Two long-time broadband advocates in the Senate have introduced legislation that aims to reshape the management and allocation of wireless spectrum, aiming to free up new capacity for high-speed mobile Internet service.
On Wednesday, Sens. John Kerry (D-Mass.) and Olympia Snowe (R-Maine), who have worked together on spectrum issues before, introduced the RADIOS Act, which would direct the agencies that oversee commercial and government spectrum to conduct a thorough inventory of the current allocations of airwaves.
The bill would also authorize the Federal Communications Commission to conduct so-called incentive auctions, offering TV broadcasters that agree to give up their licenses a portion of the proceeds from reselling their spectrum at auction to wireless providers.
The legislation comes as the latest push from policymakers who worry that the surging use of broadband-enabled mobile devices like smartphones and tablets will overwhelm wireless networks if the government does not take steps to make more spectrum available.
“Unfortunately, the government’s current spectrum management framework is inefficient and has not kept up with technological advancements to ensure providers have the necessary wireless capacity to meet growing demand for this finite resource,” Snowe said in a statement.
Kerry and Snowe described their legislation as a complement to the plan the White House unveiled this year to deliver high-speed mobile broadband service to 98 percent of the country within five years. That proposal, which President Obama floated in his January State of the Union address and fleshed out in a speech last month, also endorses the incentive auction framework, which administration officials say will create a windfall that would help pay down the deficit even after TV broadcasters are compensated and the related government activities are funded.
Sen. John Rockefeller (D-W.V.), who chairs the Commerce Committee on which Kerry and Snowe sit, has also introduced legislation to authorize the incentive auctions in a bill that would also provide for the creation of a nationwide, interoperable wireless communications network for first responders. Another member of the committee, Sen. Mark Warner (D-Va.), has also introduced legislation that would grant the FCC authority to conduct incentive auctions. Any legislation to come out of committee could roll up provisions from the three bills.
In the meantime, the National Association of Broadcasters, an industry trade group, has been trying to chip away at the notion of a looming spectrum crisis, commonly espoused — presented as doctrine, even — by FCC Chairman Julius Genachowski and other administration officials and lawmakers.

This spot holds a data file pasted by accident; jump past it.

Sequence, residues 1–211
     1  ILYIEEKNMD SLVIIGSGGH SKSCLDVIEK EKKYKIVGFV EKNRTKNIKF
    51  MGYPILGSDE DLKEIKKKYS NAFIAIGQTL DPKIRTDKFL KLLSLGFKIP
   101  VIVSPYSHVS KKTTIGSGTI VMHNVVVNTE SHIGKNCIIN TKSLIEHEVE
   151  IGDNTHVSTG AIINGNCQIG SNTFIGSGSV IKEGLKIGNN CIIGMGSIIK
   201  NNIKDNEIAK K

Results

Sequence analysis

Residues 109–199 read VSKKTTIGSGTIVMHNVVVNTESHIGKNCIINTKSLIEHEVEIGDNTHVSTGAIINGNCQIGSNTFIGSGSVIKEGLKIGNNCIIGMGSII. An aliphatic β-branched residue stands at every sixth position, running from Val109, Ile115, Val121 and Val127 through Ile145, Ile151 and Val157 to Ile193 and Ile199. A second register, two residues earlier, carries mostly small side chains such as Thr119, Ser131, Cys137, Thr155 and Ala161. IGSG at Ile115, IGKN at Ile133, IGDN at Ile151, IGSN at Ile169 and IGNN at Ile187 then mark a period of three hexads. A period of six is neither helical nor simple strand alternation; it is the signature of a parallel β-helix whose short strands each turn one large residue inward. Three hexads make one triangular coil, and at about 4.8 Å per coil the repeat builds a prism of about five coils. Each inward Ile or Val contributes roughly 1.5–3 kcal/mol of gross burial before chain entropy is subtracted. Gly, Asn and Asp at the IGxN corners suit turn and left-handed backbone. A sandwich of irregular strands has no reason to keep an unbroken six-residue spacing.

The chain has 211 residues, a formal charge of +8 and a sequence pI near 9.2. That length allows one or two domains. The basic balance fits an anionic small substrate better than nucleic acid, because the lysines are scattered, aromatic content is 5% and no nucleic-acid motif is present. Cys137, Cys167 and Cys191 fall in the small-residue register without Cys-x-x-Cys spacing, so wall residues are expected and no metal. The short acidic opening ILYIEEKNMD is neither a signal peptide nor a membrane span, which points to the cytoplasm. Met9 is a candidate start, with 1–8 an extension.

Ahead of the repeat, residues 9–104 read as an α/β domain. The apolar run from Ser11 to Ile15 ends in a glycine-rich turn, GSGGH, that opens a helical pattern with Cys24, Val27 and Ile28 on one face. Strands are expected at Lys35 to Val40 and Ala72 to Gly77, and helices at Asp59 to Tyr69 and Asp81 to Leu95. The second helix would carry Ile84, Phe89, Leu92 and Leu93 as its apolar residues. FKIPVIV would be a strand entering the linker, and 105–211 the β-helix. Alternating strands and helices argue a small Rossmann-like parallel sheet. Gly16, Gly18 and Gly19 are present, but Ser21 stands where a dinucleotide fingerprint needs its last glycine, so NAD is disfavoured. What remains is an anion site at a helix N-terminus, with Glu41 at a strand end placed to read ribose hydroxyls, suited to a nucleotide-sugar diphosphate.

The NAB has repeatedly said that it will not oppose incentive auctions that are truly voluntary, but warned that it will fight to defeat any effort to force its members to give up their spectrum or disrupt service in a market by forcibly relocating a station to another, less favorable band.
Most recently, NAB President and CEO Gordon Smith sent a letter to the chairmen and minority leadership of the House and Senate commerce committees highlighting the comments of Dish Network Chairman and CEO Charles Ergen, who told analysts in November that his company had not yet committed to building on its allotment of 700 MHz spectrum. Ergen suggested that if his company could not justify a buildout, then it might seek to dispose of the spectrum in some other way.
Smith seized on those remarks as the latest instance of a spectrum holder sitting on its allocation as it mulls its options, challenging the notion of extreme scarcity. The NAB has leveled similar charges against Time Warner Cable, and is prevailing on policymakers to press ahead with the spectrum inventory and evaluate the results before moving to auctions.
“NAB respectfully recommends that an independent agency — perhaps the Government Accountability Office — conduct a top-to-bottom review of spectrum hoarding and/or spectrum speculation,” Smith wrote in his letter to the committees’ leadership. “If America is truly facing a spectrum shortage, then it is imperative that policymakers receive an unbiased and thorough report on how private companies like Dish, Time Warner Cable and government agencies are using or warehousing this precious resource.”
Kerry and Snowe’s bill would direct the FCC and the National Telecommunications Information Administration, which oversees government spectrum, to conduct the auction the broadcasters are seeking. It also includes language to facilitate closer coordination between the two agencies.
Additionally, the RADIOS Act (in longhand: Reforming Airwaves by Developing Incentives and Opportunistic Sharing) would establish dynamic spectrum sharing and reuse programs in a bid to improve efficiency.